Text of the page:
Healthy Romantic Love

I had another post planned for this week, but I was really struggling to write it. That usually means I’m supposed to be talking about something else, so I asked my guides what it was I needed to write about instead.

They told me they wanted me to talk about romantic love.

I honestly hadn’t planned to talk about this at all this month because I feel we prize it too much in our society. I wanted to help you focus on you and loving yourself instead.

But I know better than to argue with my guides – most of the time anyway. So here we are.

Now, I should probably say that I love love. I really do. That’s not why I didn’t want to talk about it. 

I may seem like a tough little egg to crack when it comes to all this to people that don’t know me, but I’m a huge softy.

I love rom coms, flowers, pet names, meet cutes, and silly anniversaries.

Is it saccharine sweet? I’m in. 

It’s ridiculous. 

But I also firmly believe we must be complete in and of ourselves before we venture into a committed relationship.

Y’all, I’m going to use definitive words! I’m going to should – and should not -with you. 

This is one of the rare cases I believe it to be appropriate. You’ve got to know the rules to break them right?

We should not be looking for someone to complete us. We should be whole in and of ourselves.

Note: When I say you need to be whole, I mean you should not be looking for someone outside of yourself to fill the gaps trauma has caused. 

Everyone is broken in some way. Broken is ok.

Being broken and deciding someone else needs to save you is not. It is not ok to get into a relationship hoping the other person will do your emotional labor.

The only person that can “fix” (read: heal) you is you.

You should recognize that you are all you need, even if you’re not where you want to be on your healing journey yet. You are a complete person all on your own, trauma and all.

We should be looking for someone that compliments us. And while being told we’re beautiful or handsome is lovely, that’s not the type of compliment I’m talking about here.

We should want another person who is whole as well, who adds a substance and depth to our lives that we would otherwise lack. Someone that makes us want to be a better version of ourselves every day.

We need to be looking for our equal. Our partner. And we shouldn’t settle for anything less from them, or from ourselves.

We should want someone that wants us, not someone that needs us (and vice versa).

To have that kind of relationship though, we’ve got to put in the work on ourselves first.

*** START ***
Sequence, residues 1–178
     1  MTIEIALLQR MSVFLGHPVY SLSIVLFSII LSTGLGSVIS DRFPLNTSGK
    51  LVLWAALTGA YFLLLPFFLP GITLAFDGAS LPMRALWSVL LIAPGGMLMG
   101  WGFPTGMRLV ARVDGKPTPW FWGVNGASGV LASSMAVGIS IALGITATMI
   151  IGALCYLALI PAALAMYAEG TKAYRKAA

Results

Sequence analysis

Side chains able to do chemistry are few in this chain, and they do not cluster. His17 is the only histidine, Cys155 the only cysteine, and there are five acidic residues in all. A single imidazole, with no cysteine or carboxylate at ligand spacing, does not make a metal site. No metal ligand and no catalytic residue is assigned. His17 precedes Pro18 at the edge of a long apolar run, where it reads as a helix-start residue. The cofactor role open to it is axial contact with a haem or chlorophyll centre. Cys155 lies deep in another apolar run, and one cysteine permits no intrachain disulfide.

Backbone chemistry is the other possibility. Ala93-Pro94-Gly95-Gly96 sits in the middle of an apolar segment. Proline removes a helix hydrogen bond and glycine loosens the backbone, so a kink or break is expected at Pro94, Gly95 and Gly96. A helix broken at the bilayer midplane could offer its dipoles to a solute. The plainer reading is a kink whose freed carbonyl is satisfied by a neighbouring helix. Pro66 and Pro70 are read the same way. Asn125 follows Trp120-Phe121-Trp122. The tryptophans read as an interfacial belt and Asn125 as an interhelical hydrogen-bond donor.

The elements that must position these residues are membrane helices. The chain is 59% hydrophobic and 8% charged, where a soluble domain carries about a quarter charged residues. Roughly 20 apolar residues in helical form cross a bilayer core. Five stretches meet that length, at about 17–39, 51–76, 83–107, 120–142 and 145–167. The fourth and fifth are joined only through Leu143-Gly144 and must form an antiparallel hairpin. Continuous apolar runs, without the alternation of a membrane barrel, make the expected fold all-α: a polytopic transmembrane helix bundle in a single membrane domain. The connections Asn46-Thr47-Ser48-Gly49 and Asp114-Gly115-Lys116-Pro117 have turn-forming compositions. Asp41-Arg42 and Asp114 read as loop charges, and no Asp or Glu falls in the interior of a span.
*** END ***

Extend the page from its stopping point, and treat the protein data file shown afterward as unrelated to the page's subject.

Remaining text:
That means digging in and finding why you want to be needed instead of wanted.

Are you afraid if someone doesn’t need you, they’ll leave you? 

Why do you seek codependency? 

Why do you play games, or allow others to do so?

Was a healthy relationship never modeled for you when you were growing up, so you didn’t know such a dynamic even existed and have just been repeating the patterns you saw played out around you in childhood?

Do you fear you’re unlovable?

Why are you afraid to be fully yourself with someone else?

Why would you rather be in a bad relationship than alone? What is so terrible about being single to you?

These are all things that need to be explored in order to have a healthy, lasting romantic relationship. It’s the work required for love to truly last.

But the work doesn’t end once you’ve found your person. If anything, it takes more work once you’re in a relationship to keep it healthy, safe, and nurturing.

That’s part of why it’s so important for both (or all, no judgment if there are multiple consenting adults) parties to be whole and healthy, or healing, on their own.

You cannot be the one doing all the work in a relationship. That’s not fair, that’s not right, and that’s not love.

Love, real love, makes you feel understood. It makes you feel nurtured and valued (note: valued is not the same as needed!). It makes you feel safe.

It allows for you to be yourself fully – no holding back or watering yourself down needed. 

It allows you to explore the depths of your soul, knowing you have a tether back to a safe person if things feel too heavy or frightening at times.

Love pushes you to grow in ways you’d never imagine otherwise.

You don’t need to be perfect. You don’t need to have your Shadow sorted and your mindset on point to have a healthy, loving relationship. 

You just need to know who you are and be willing to love yourself, “imperfections” and all. To know that you are all you really need.

And when you find your person, you’ll find those “imperfections” are the things they love most about you.

If you want to do that inner work but don’t know where to begin, my introduction to Shadow Work program “Reset Your Mindset” is for you. In this program, I introduce you to the foundational steps of Shadow Work with an emphasis on using it to create self love. Click here to schedule a time to talk!

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